Should the company decide to move to an alternative tailings management plan, it is our understanding that CEPA would not be able to approve the project without the development and submission of a new Environment Impact Statement (EIS).
The associated mine infrastructure of the project would span across both East and West Sepik provinces and includes the Sepik infrastructure project, the Sepik power grid project, and the Frieda River hydroelectric project.
The hydroelectric project would be located approximately 16km downstream of the mine, on the Frieda River purportedly generating hydroelectric power for the mine. An integrated storage facility (ISF) formed by the Frieda River Hydroelectric Project reservoir will be required to permanently contain underwater tailings and waste rock from the mine.
No Social Licence
There is no evidence of Free, Prior and Informed Consent of all impacted Customary Landowners including communities on the mine site and along the Frieda and Sepik Rivers. This evidence is essential for the Project to proceed.
In 2019, a report investigating the project’s environmental and social impacts and the views of local communities included findings from an October 2018 awareness tour that all 23 villages visited were opposed to the Frieda River mine going ahead.
In May 2020, a total ban on the mine was unanimously proclaimed by the Traditional Clan Leaders of 28 Haus Tambarans along more than 1,000 kilometres of the Sepik River – from Swagap in Upper Sepik near the Frieda River to Kopar at the mouth of the Sepik River.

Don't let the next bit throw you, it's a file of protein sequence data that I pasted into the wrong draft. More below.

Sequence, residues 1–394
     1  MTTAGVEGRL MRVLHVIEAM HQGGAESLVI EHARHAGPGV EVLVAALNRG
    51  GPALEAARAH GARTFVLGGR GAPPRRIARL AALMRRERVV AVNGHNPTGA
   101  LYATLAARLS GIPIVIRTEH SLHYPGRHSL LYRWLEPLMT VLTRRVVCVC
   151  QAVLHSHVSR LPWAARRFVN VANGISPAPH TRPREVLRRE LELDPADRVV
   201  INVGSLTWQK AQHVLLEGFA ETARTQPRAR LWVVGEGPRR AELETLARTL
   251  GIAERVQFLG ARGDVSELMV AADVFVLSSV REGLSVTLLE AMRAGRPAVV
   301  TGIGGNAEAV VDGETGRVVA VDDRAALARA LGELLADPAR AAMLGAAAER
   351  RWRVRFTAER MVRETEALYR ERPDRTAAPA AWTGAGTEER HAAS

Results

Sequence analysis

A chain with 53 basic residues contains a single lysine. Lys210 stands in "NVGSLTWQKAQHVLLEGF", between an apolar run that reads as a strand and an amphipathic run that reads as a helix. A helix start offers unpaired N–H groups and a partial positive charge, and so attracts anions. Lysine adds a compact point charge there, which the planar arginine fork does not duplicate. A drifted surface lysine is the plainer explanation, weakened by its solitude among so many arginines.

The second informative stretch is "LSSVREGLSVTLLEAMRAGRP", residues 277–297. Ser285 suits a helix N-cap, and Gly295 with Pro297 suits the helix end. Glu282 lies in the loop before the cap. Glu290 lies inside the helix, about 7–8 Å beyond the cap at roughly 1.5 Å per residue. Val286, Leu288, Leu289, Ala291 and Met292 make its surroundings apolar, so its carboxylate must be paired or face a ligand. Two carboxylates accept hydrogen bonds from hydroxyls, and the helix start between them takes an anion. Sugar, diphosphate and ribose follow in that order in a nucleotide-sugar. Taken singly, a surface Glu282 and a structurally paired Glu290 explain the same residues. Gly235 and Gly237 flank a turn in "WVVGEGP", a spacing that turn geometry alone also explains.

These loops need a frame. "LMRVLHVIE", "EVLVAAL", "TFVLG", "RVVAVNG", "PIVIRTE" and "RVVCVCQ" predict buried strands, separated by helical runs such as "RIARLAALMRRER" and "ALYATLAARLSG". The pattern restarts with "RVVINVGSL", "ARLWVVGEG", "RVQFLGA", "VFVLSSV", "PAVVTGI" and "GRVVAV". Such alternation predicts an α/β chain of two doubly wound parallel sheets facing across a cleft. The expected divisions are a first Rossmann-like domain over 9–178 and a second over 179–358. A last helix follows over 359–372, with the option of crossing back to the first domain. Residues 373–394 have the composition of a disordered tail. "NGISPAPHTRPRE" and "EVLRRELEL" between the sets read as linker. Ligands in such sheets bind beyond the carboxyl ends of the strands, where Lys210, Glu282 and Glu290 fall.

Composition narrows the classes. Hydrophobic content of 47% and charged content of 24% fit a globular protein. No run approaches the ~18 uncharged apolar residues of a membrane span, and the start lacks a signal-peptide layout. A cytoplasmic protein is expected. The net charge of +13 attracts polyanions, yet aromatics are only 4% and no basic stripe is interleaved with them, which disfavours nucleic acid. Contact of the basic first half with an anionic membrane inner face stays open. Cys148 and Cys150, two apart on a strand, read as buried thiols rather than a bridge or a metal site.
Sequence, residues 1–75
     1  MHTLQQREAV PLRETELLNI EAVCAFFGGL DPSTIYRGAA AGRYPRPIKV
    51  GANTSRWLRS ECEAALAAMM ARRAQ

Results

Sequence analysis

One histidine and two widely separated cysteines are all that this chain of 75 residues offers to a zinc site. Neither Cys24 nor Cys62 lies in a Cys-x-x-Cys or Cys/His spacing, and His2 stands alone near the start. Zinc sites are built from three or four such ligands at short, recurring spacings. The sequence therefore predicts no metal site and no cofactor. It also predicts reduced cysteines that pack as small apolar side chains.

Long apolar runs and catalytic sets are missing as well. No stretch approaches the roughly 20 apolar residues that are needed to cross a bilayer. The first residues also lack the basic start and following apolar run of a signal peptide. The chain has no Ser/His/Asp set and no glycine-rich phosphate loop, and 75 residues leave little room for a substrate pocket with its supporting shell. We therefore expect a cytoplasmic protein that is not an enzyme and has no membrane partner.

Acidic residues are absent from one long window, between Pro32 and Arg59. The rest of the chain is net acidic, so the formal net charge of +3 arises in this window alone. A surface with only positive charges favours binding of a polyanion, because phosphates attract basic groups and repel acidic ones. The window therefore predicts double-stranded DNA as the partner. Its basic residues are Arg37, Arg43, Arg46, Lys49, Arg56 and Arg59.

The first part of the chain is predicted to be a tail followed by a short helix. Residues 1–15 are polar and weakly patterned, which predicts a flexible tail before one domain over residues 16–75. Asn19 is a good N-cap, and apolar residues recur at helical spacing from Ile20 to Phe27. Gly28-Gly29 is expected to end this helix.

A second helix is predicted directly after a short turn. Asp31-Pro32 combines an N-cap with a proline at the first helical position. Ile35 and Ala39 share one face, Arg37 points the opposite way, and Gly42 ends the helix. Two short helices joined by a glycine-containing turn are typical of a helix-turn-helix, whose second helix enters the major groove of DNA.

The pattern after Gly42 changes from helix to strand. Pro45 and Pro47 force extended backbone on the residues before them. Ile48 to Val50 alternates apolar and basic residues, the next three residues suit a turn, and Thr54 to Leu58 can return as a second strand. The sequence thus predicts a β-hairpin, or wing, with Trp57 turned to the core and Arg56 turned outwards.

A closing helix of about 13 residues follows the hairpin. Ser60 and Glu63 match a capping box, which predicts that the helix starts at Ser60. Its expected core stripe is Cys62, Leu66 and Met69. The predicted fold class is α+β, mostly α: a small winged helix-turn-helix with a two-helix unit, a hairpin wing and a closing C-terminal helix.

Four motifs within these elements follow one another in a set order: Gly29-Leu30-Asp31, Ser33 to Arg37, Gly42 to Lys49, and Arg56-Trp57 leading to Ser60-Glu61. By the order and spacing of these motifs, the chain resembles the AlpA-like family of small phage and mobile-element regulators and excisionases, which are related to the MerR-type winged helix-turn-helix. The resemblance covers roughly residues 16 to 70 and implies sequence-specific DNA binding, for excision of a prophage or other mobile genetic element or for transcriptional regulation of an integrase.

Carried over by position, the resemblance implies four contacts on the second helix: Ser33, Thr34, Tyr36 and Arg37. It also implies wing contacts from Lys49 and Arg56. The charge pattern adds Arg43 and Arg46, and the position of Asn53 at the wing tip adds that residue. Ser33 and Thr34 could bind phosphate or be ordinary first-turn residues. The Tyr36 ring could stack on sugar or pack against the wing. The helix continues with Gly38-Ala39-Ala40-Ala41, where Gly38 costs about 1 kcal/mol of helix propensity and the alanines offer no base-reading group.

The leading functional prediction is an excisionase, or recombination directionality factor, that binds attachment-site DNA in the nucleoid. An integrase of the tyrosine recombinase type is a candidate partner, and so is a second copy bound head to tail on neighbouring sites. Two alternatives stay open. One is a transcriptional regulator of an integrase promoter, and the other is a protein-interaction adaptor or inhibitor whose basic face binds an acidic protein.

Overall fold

The Haus Tambarans issued the Supreme Sukundimi Declaration representing approximately 78,000 people across 25 villages, a powerful document that is a first-ever in PNG, which would be admissible in a court of law.
PanAust provided an Environmental Impact Statement (EIS) to the Conservation and Environment Protection Authority (CEPA) that lacked crucial details including critical reports and information that would normally be necessary for any comprehensive assessment. Reports relating to the tailings dam and seismic activity have not been provided. The EIS is also missing basic information about the operation and closure of the mine, an assessment of the proposed airport, a resettlement plan for the four villages requiring relocation, and a cost-benefit analysis.
In March 2020, PNG’s Centre for Environmental Law and Community Rights (CELCOR) and Project Sepik provided ten expert reports to CEPA on the Sepik Development Infrastructure Project, which includes the Frieda River Mine.
- Up to 30 villages would be affected by a catastrophic event resulting in the dam breaking, with substantial loss of life expected.
- Predictions about contamination of groundwater, surface waters such as lakes and rivers, and the surrounding environment were underestimated.
- There is no secure way of storing the massive amount of mine waste (tailings) safely without damaging the river.
Site of World Heritage Significance
The Upper Sepik River basin has been Tentatively Listed for World Heritage Status by the Government of Papua New Guinea to protect the Sepik River for future generations.